IOSCO Publishes Principles For Financial Benchmarks

Global securities regulator, the International Organization of Securities Commissions (IOSCO), has published its Principles for Financial Benchmarks today. Intended to act as guidelines for benchmarks used in financial markets, it gives benchmark providers 18 months to comply.

The paper, which looks similar to the second consultation paper put out in April, includes changes to text on oil benchmarks and whether benchmarks calculated solely on transactions should be mandatory.

The Data Sufficiency Principle, which says that “a benchmark should be based on prices, rates, indices or values that have been formed by the competitive forces of supply and demand and anchored by observable transactions entered into at arm’s length between buyers and sellers in such an active market…” will not be obligatory. The report said: “This does not mean that individual benchmark determinations must be constructed solely or even predominantly by transactions.”

However, an annex has been introduced to the report discussing to what extent and on what basis expert judgment was used, if any, in each benchmark determination.

The report also says that oil price reporting agencies (PRAs), who have argued against any rules governing oil benchmarks, should “continue to implement and comply with the PRA principles.”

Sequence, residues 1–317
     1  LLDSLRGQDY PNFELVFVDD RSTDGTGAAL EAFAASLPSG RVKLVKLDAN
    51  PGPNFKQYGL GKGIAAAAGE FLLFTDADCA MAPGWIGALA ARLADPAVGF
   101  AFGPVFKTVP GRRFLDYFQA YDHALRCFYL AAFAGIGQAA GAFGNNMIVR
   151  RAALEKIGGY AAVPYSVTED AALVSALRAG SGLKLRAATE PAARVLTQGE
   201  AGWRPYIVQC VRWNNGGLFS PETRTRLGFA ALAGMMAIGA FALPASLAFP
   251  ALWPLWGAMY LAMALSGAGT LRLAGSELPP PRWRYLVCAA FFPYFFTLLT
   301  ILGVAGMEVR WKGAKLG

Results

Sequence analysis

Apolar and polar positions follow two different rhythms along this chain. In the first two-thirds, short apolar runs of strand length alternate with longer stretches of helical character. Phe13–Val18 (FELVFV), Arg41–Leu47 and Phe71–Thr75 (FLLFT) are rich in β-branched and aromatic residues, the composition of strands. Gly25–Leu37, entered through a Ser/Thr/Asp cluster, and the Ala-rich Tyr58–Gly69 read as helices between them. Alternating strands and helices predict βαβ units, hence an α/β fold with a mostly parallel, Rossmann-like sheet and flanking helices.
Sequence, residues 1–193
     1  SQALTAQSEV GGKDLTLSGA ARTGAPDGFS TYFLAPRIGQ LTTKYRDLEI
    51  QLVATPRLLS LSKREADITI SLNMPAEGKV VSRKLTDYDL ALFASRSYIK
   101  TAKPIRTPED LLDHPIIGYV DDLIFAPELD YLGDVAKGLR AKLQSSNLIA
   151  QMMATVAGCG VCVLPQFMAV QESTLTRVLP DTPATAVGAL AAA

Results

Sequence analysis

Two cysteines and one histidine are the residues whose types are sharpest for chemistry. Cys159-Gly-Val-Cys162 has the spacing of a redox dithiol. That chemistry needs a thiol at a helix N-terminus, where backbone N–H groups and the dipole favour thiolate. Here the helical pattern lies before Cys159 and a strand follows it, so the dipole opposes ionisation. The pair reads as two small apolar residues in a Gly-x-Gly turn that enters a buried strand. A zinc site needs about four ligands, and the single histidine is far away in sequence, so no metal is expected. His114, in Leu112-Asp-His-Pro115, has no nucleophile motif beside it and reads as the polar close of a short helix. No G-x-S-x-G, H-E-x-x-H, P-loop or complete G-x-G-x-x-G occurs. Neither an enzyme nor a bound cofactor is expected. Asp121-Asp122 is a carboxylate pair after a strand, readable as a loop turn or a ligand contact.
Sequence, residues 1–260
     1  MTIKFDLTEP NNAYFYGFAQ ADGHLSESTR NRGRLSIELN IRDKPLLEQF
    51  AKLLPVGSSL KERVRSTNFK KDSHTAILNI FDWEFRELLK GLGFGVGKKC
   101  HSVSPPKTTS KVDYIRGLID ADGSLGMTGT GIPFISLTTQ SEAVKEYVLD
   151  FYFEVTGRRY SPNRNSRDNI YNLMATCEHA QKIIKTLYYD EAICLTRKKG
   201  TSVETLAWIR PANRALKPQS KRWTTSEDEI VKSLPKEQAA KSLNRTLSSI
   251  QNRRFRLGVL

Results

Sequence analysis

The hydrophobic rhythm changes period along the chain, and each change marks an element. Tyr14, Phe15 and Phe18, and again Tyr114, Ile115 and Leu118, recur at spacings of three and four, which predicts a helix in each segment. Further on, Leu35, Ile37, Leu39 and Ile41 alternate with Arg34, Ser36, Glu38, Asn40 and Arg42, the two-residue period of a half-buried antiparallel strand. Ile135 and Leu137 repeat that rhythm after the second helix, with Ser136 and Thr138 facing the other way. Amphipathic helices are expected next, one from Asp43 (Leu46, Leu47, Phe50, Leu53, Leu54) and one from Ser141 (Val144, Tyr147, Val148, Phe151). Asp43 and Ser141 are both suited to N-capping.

The IOSCO task force, which conducted investigations leading to the paper, was set up in September last year in the wake of the Libor scandal. It is headed up by Martin Wheatley, the Chief Executive of the UK Financial Conduct Authority, and Gary Gensler, the Chairman of the US Commodity Futures Trading Commission.

Gensler said: “Given the known problems with LIBOR, EURIBOR and other significant market benchmarks, I am pleased that the IOSCO Principles issued today require that benchmarks be anchored by observable transactions and subject to robust governance processes that address potential conflicts of interest.”

Wheatley added: “Benchmarks are a useful and important tool in many financial markets. These principles set out clear and robust standards that will improve their construction and oversight of benchmarks, and form an important step in restoring their credibility.”

According to its website, IOSCO regulates more than 95 percent of the world’s securities markets, and its members include more than 120 securities regulators and 80 other securities markets participants (i.e. stock exchanges, financial regional and international organizations etc.).

This year has seen a high level of activity from IOSCO in the indexing and exchange-traded fund space. Last month it launched its Principles for the Regulation of ETFs, which drew criticism from Edhec-Risk saying that there was not enough focus on index transparency.

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